Professional Services. A packaged analytic application (for any purpose, not just SCI) can never be as firmly packaged as packaged applications for ERP, CRM or SCM. This is because source data required for analysis varies greatly from one corporation to another, meaning that the data integration process is different for each deployment of a given analytic application. Furthermore, each corporation has a unique collection of business entities, so the data model that represents these in the analytic application must be customized for each deployment.

Hence, a software vendor providing an analytic application for SCI must also provide a healthy mix of professional services to aid with customizing the application for each customer, as well as providing training, support and project management. The consultants should have experience and training in manufacturing and supply chain domains, as well as technical areas such as data warehousing and analytic application development.

Domain Expertise. The primary value proposition of any analytic application for SCI is the domain expertise it encapsulates. Therefore, anyone evaluating an SCI application should look for proof of domain expertise in the product as well as in the vendor. For instance, the software vendor should have executives, developers and consultants who have demonstrable experience and successes in manufacturing (both process and discrete) and other supply chain-intense industries. The application should have functions designed specifically for SCI, such as data models and analytic algorithms for product life cycle information, shop floor data and parametric test equipment data (whether from the factory or the field).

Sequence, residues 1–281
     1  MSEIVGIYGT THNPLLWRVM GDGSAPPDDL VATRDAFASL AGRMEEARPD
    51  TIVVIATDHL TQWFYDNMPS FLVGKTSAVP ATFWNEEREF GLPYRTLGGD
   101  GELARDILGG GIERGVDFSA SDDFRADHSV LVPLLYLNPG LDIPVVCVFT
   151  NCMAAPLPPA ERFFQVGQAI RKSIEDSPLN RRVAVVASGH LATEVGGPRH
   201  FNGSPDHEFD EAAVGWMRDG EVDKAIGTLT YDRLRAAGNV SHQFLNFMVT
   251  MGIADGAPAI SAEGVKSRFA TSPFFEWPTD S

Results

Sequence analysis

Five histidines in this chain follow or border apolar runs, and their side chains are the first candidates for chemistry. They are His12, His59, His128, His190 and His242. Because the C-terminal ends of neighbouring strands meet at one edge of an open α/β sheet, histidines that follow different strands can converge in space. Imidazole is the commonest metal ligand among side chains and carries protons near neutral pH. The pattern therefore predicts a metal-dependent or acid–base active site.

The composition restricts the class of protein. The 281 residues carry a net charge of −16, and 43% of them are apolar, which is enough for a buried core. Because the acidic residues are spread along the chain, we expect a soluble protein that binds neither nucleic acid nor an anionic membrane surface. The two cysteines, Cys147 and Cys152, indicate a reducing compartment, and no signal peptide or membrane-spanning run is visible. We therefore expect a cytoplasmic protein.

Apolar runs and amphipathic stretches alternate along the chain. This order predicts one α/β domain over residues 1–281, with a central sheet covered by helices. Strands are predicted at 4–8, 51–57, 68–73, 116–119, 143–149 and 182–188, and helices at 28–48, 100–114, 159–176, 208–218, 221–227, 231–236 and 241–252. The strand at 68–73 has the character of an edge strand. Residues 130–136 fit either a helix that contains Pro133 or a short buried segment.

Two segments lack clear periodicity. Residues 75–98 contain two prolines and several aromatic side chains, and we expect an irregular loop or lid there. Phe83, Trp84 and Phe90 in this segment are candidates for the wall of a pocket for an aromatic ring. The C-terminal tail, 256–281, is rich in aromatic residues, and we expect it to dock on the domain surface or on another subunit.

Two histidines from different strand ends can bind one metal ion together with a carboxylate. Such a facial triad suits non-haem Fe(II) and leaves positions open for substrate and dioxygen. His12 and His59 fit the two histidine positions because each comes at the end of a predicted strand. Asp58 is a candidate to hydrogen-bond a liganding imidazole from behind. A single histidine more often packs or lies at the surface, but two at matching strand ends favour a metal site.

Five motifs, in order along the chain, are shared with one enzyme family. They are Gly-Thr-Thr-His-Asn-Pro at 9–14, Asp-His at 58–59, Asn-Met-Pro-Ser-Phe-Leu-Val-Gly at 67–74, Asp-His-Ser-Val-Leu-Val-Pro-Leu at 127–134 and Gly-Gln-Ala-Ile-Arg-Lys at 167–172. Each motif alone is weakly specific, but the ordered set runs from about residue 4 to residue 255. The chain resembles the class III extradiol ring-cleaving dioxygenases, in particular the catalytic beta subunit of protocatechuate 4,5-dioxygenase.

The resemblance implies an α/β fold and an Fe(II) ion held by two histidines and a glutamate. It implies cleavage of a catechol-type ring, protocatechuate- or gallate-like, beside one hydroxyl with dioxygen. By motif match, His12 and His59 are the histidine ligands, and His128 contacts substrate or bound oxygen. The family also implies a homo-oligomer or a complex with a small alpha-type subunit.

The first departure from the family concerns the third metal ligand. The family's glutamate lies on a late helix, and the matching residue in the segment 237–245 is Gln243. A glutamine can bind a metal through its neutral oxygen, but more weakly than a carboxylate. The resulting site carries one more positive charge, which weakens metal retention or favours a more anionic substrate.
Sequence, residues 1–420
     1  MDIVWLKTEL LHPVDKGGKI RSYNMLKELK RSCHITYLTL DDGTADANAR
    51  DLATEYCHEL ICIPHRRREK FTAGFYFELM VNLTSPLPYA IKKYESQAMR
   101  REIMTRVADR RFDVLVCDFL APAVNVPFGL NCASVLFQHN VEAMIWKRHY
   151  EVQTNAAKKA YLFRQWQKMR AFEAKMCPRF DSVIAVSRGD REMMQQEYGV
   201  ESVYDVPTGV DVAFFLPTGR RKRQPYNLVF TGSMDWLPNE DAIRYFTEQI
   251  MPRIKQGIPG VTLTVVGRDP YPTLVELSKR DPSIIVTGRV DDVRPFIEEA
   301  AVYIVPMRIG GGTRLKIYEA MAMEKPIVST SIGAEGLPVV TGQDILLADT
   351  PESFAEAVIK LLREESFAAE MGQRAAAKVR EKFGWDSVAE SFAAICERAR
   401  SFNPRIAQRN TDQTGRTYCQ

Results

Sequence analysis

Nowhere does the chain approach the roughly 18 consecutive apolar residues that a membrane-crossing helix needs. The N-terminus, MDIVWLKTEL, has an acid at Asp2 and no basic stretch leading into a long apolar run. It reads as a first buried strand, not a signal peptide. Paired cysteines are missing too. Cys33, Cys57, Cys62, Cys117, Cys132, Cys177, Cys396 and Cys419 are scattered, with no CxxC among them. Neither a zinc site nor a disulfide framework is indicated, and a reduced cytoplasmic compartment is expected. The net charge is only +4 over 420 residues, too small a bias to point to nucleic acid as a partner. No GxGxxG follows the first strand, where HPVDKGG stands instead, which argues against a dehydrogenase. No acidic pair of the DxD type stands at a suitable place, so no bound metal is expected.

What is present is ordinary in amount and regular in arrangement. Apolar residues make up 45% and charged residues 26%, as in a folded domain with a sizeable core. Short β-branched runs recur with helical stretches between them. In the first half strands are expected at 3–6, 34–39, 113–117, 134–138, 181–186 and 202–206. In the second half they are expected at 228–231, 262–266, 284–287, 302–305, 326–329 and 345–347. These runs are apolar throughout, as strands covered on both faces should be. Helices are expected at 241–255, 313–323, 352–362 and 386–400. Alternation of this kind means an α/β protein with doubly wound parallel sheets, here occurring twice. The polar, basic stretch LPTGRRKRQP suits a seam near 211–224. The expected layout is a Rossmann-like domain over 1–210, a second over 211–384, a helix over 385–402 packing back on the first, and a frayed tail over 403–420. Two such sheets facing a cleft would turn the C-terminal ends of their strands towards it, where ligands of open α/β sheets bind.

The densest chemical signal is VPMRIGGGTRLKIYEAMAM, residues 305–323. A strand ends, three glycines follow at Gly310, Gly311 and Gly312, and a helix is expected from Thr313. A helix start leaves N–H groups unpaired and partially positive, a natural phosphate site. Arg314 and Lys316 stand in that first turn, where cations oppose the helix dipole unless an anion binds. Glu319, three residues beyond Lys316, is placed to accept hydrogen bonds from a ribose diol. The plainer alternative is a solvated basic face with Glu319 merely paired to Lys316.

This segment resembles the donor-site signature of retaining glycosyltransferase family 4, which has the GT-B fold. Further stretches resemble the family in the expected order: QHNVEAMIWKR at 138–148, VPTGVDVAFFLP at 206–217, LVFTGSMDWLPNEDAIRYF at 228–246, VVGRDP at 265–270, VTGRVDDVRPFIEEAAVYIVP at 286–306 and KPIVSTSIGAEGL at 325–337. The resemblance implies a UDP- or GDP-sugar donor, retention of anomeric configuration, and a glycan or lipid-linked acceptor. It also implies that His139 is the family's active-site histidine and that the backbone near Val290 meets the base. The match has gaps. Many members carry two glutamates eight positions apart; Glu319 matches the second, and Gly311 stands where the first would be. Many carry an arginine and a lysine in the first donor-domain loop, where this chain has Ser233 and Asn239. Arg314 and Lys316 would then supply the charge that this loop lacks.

Build versus Buy. For the classic build-versus-buy decision that many evaluators face a packaged application for SCI has the reduced time and cost benefits of "buy" combined with the customization-to- requirements benefits of "build". In other words, a packaged analytic application for SCI is faster to install and customize (months instead of years) than built-from-scratch supply chain decision support solutions. Furthermore, many organizations decide to build their own applications because they cannot find commercially available ones that satisfy their requirements; however, the customization process of an SCI application ensures that most of the customer's unique requirements are met.

Time and cost benefits aside, buying an analytic application for SCI delivers tremendous domain expertise and best practices that few in-house warehousing projects can match. The SCI vendor assists companies in deciding which analytic questions to ask, as well as providing the enabling technology to answer those questions. The reality is that most IT and software engineering organizations are highly effective with software exclusive issues, but simply lack the specific domain expertise required for building a truly comprehensive SCI application.

The time is ripe for manufacturers – especially those with ERP and SCM packaged applications in place – to "move up to the next level" by increasing yields, lowering supply costs and ensuring product quality with analytic applications for SCI. Evaluators should look for analytic applications that provide manufacturing-specific domain expertise, a comprehensive view of the entire supply chain and total product life cycle coverage.